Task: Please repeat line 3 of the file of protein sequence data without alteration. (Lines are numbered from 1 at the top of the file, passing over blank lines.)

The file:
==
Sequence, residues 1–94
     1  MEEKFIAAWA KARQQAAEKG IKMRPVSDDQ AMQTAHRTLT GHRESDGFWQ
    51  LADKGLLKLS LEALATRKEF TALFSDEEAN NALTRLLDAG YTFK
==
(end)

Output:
    51  LADKGLLKLS LEALATRKEF TALFSDEEAN NALTRLLDAG YTFK